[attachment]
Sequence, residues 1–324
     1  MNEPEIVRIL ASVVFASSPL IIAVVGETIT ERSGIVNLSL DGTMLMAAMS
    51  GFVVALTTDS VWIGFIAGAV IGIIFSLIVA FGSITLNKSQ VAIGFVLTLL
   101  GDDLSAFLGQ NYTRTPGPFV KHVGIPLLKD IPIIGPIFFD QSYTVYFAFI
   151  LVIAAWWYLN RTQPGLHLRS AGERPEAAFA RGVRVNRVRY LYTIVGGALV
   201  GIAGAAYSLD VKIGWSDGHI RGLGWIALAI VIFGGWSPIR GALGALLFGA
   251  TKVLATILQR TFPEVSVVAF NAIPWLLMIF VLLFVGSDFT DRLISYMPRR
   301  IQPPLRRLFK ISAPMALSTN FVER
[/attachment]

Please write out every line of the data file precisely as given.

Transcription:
Sequence, residues 1–324
     1  MNEPEIVRIL ASVVFASSPL IIAVVGETIT ERSGIVNLSL DGTMLMAAMS
    51  GFVVALTTDS VWIGFIAGAV IGIIFSLIVA FGSITLNKSQ VAIGFVLTLL
   101  GDDLSAFLGQ NYTRTPGPFV KHVGIPLLKD IPIIGPIFFD QSYTVYFAFI
   151  LVIAAWWYLN RTQPGLHLRS AGERPEAAFA RGVRVNRVRY LYTIVGGALV
   201  GIAGAAYSLD VKIGWSDGHI RGLGWIALAI VIFGGWSPIR GALGALLFGA
   251  TKVLATILQR TFPEVSVVAF NAIPWLLMIF VLLFVGSDFT DRLISYMPRR
   301  IQPPLRRLFK ISAPMALSTN FVER